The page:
Georgia’s law governing child custody is unique when compared to other states. Specifically, Georgia allows a child who has reached the age of 14 to choose the parent they wish to live with. If the child has indicated a preference for one parent, their selection will be controlling and cannot be contested. The only situation where that decision will not stand is where the parent is deemed unfit for custody.

If the child has not selected a parent, or if they are younger than 14 years old, the court will utilize the "best interests" doctrine. This means they will consider several factors, all of which take into consideration the best interests of the child.

What Factors Are Used in Determining Custody?

As mentioned above, any decision rendered by the court will seek to meet the best interests of the child. Some factors a court will use in reaching that decision include:

  • The child such as age, gender, educational level, and any special mental or physical needs
  • The child’s emotional attachment to the parent
  • The parent’s ability to provide food, clothing, and other necessities
  • The ability of either parent to facilitate and encourage continued contact between the child and the non-custodial parent
  • Any instances of abuse or domestic violence
  • Any history of substance abuse
  • Any other information regarding each parent and their ability to contribute to the child’s well-being and happiness

Are There Any Other Considerations?

Georgia law requires each parent to submit a parenting plan. These plans may be either joint or separate, but the plan needs to lay out in detail how the child’s needs and best interests will be met. The plan will also allocate the decision making ability between the parents. The judge will take this into consideration when making the custody decision.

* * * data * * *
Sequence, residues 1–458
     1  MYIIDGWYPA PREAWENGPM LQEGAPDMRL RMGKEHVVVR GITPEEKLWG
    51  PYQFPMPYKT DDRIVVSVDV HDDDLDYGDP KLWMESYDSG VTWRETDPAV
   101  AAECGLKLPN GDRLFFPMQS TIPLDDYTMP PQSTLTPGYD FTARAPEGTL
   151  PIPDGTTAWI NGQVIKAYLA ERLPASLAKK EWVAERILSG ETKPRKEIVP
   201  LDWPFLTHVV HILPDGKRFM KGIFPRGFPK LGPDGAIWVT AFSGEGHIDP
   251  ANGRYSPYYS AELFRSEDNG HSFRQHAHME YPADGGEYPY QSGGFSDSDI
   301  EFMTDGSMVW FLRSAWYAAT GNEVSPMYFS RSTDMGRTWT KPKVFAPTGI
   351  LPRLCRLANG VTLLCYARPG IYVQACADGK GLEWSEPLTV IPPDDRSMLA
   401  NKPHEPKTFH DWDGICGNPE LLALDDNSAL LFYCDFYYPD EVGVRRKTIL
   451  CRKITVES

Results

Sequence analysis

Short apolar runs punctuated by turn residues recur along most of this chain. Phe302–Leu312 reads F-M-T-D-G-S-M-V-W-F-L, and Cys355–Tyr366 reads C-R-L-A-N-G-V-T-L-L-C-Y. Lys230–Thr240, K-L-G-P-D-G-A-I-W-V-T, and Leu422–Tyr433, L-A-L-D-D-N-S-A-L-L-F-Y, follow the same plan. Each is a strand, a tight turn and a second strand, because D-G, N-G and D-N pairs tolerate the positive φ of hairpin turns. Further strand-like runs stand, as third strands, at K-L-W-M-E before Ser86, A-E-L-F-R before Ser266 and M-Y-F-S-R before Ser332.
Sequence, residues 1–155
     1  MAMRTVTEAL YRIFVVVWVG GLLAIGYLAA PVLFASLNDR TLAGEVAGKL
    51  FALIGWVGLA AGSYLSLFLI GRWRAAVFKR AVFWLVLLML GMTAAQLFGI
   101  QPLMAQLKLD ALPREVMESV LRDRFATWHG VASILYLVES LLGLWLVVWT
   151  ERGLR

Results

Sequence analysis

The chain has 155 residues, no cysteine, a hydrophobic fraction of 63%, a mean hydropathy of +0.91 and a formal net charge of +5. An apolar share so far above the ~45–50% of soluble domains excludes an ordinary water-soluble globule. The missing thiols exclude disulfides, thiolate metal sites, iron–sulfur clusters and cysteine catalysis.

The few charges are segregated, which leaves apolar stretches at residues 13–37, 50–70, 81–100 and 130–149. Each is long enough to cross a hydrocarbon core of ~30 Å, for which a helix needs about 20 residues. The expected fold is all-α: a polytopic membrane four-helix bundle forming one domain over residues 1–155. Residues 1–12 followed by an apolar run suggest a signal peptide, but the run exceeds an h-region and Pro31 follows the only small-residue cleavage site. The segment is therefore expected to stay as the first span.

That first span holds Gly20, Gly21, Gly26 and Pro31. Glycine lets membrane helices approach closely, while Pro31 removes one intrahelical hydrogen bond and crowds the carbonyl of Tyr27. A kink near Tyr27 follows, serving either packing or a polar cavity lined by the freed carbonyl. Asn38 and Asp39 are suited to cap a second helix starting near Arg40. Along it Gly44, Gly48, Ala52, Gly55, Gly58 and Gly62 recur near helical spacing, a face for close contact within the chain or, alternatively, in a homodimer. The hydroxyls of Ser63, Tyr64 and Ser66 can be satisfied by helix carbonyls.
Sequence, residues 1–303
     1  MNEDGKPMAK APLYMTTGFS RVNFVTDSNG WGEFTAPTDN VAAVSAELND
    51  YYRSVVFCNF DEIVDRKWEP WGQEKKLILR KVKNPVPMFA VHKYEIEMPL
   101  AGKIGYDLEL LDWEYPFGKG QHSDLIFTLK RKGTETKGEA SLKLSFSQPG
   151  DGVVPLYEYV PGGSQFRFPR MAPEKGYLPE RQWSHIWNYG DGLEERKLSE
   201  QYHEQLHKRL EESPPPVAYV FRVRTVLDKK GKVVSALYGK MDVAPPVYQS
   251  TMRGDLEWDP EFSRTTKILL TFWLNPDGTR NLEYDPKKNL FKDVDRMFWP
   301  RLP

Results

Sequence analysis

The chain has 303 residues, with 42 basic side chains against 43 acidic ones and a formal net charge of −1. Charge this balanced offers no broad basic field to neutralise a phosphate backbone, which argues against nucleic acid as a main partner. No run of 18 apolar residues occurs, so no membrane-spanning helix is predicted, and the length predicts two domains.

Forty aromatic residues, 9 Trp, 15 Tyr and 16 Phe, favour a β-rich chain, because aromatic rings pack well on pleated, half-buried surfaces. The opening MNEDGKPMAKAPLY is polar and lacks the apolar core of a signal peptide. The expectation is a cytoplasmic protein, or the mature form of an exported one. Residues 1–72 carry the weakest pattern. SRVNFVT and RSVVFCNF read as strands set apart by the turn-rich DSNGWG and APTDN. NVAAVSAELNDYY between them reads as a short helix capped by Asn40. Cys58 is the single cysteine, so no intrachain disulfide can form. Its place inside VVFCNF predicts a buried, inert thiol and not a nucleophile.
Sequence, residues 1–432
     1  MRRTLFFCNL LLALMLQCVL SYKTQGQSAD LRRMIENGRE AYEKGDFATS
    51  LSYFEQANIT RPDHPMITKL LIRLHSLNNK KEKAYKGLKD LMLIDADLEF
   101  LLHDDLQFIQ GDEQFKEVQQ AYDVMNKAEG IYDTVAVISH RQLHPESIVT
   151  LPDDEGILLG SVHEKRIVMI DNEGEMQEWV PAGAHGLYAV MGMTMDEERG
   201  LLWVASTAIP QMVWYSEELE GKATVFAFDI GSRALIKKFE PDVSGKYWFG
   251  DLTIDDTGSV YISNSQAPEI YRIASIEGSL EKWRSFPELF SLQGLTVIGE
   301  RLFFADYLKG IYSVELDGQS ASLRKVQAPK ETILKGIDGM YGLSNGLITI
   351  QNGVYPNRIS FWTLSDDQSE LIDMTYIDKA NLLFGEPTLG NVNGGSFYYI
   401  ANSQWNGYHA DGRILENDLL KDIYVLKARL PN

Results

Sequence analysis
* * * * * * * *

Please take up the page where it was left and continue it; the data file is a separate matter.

Moreover, as an alternative to granting one parent full custody, a Georgia court may appoint different types of custody, including any combination of joint legal and joint physical custody. Moreover, if a custodial parent intends to relocate out of Georgia with the child, the court will take that into consideration. That parent will also required to provide a certain number of day’s notice to the other parent and the court before leaving.

Should I Contact a Lawyer?

Decisions regarding child custody could have long lasting consequences for all parties, including the child. Thus, it is essential to obtain the expert advice of a Georgia child custody lawyer regarding these matters. Child custody law can be complex, especially if the either of the parents move out-of-state. The services of a family law lawyer can be indispensable in ensuring the child’s best interests are met.